So why change things? Well, why not? I've always wanted to put a different spin on my pumpkin pie, so over the weekend, I experimented with Pillsbury's very simple Streusel-Topped Pumpkin Pie. I basically followed the recipe, except I divided the topping between the bottom of the pie and the top, and I used a graham cracker crust instead of a traditional pie crust.

The pie is delicious. The nutty topping and the graham cracker crust add a delicious twist to the pie. The topping is also very pretty, and makes you think a pecan pie is underneath!

If you're up to something new on your menu next week, (something different but not radical!) give this pie a try.

Check back next week for some ideas on what to do with your turkey leftovers.

Streusel-Topped Pumpkin Pie

1 graham cracker pie crust (can probably fill the two-extra serving size because I had extra with the regular size)

1 can (15 oz.) pumpkin (no pumpkin pie mix)
1 can (12 oz.) evaporated milk (1 1/2 cups)
1/2 cup granulated sugar
2 eggs, slightly beaten
1 1/2 teaspoons pumpkin pie spice
1/4 teaspoon salt

1/4 cup packed brown sugar
2 tablespoons all-purpose flour
2 tablespoons butter or margarine, softened
1/2 cup finely chopped pecans

Heat oven to 425 degrees.
In large bowl, mix filling ingredients until well blended. Pour into pie crust.
Bake 15 minutes. Reduce oven temperature to 350°F; bake 15 minutes. Meanwhile, in small bowl, mix streusel ingredients.
Sprinkle streusel over pumpkin filling. Bake 15 to 20 minutes longer or until knife inserted in center comes out clean. Cool completely, about 1 hour.

Adapted from Pillsbury

Wednesday, November 4, 2009

Like stuffed peppers?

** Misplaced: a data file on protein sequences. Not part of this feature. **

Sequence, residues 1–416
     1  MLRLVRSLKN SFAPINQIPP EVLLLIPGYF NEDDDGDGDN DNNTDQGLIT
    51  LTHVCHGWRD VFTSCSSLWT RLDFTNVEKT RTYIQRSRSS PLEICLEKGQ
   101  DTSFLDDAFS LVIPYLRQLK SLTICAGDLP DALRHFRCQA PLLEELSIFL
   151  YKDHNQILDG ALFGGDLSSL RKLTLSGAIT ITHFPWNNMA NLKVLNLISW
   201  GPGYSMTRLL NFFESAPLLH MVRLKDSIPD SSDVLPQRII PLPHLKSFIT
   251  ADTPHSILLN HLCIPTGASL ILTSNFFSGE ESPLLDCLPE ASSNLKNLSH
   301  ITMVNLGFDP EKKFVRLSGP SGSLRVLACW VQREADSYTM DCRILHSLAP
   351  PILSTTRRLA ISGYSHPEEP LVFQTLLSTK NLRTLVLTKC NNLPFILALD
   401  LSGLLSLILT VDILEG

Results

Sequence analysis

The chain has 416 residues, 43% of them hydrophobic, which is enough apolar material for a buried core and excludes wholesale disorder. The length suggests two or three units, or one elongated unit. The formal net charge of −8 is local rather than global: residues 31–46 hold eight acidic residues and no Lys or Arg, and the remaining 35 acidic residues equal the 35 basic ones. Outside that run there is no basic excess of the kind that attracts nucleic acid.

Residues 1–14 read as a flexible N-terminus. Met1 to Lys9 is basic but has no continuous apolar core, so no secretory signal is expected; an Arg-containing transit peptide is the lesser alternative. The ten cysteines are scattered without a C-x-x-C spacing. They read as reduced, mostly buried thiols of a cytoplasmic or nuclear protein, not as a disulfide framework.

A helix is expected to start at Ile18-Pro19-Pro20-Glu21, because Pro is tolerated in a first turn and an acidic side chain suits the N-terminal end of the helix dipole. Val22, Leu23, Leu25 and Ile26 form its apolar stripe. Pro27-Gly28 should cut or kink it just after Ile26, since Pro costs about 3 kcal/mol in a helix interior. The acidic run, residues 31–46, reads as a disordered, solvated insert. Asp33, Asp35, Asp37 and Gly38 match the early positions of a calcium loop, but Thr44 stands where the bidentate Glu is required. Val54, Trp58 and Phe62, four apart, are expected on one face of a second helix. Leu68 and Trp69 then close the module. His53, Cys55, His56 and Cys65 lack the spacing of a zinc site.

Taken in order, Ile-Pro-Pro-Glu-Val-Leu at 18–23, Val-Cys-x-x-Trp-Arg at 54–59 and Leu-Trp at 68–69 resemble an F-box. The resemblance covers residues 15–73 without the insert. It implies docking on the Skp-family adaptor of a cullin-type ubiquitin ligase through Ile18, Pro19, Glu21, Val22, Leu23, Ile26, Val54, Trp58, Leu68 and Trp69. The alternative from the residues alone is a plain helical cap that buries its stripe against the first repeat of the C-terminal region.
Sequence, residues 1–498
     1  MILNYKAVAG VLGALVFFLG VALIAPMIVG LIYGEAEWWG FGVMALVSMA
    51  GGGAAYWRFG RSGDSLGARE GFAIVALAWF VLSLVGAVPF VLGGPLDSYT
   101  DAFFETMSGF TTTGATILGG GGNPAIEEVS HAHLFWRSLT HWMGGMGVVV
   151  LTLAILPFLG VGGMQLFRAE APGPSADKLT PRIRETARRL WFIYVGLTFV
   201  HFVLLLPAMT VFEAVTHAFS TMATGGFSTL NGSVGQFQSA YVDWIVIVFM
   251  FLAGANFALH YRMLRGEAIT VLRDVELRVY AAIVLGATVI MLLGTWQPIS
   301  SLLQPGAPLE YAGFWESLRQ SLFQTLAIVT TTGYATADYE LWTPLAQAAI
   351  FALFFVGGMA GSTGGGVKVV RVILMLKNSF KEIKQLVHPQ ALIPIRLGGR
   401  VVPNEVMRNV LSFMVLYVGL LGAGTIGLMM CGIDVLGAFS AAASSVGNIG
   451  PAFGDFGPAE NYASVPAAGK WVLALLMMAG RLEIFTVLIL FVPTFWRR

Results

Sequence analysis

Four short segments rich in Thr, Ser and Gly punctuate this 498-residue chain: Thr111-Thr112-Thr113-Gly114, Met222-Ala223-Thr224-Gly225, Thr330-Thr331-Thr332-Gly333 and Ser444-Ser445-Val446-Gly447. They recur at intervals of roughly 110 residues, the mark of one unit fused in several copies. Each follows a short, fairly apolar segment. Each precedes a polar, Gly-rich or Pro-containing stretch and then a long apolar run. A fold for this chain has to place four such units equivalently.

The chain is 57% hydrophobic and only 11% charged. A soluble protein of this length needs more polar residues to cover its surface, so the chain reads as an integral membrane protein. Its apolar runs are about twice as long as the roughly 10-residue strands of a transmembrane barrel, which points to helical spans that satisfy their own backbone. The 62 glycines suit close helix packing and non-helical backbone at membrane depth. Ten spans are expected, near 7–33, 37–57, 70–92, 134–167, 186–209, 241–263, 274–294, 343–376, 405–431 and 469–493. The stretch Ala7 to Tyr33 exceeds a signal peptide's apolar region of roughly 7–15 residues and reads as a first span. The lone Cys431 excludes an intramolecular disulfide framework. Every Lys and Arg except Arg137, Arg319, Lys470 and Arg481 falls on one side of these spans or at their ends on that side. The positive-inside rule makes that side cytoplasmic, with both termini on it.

I must warn you for future columns. I'm in a soup-loving mood. And this week's recipe is a good one; I promise.

I love stuffed bell peppers. It's been years since I made my own because my family and I really enjoy the frozen Stouffer's version. I serve them with spaghetti topped with cheddar cheese. It's a favorite meal at my house.

Imagine those wonderful flavors in a soup. It's as delicious as it sounds.

I read several recipes before deciding how to make my soup. You can certainly do the same to fit your family's tastes.

The recipes I read used anywhere between 1/2 pound of ground sirloin to 2 pounds of ground beef. I opted for 1 pound of ground beef (it was on sale).

A few recipes used tomato sauce. I chose tomato soup.

Some called for onions and 1/2 cup of chopped bell pepper; others suggested 2 cups. I used 1 cup and didn't add onion.

Most recipes used water and beef bouillon. Some used chicken broth. I used a can of reduced-fat beef broth.

I also added a little bit of brown sugar, as suggested in one recipe, and I added the cooked rice at the end of the cooking time rather than letting the rice cook in the soup. The rice was the perfect texture that way. And to make the process even easier, I used a bag of microwave rice.

I was also lucky enough to have locally-grown bell peppers for my soup, thanks to farmer Tom Griffin's Saturday morning vegetable stand on Ward Boulevard.

To make this delicious soup even better, we sprinkled grated cheddar cheese on top, once it was poured into our bowls. The cheese melted beautifully and stuck to the spoon. Just the way I like it!

Stuffed Bell Pepper Soup is really delicious, and it's so easy to make. The entire process takes less than an hour. Serve with some bread and fruit, and you have a complete meal.

Stuffed Bell Pepper Soup
  • 1 lb. ground beef
  • 1 141/2 oz. can petite diced tomatoes
  • 1 103/4 oz. can tomato soup
  • Salt and pepper
  • 1 cup chopped bell pepper
  • 1 14 oz. can beef broth
  • 1 tablespoon brown sugar
  • 2 cups cooked rice (I used Uncle Ben’s Ready Rice in the microwave bag)
  • Grated Cheddar cheese
Brown beef, drain and rinse.
In soup pot, mix beef, tomatoes, tomato soup, salt and pepper, bell pepper, beef broth and brown sugar. Let come to boil; reduce heat and simmer for 30 minutes or until peppers are tender. Mix in cooked rice and stir to blend.
Pour into bowls. Sprinkle with cheese (about a tablespoon).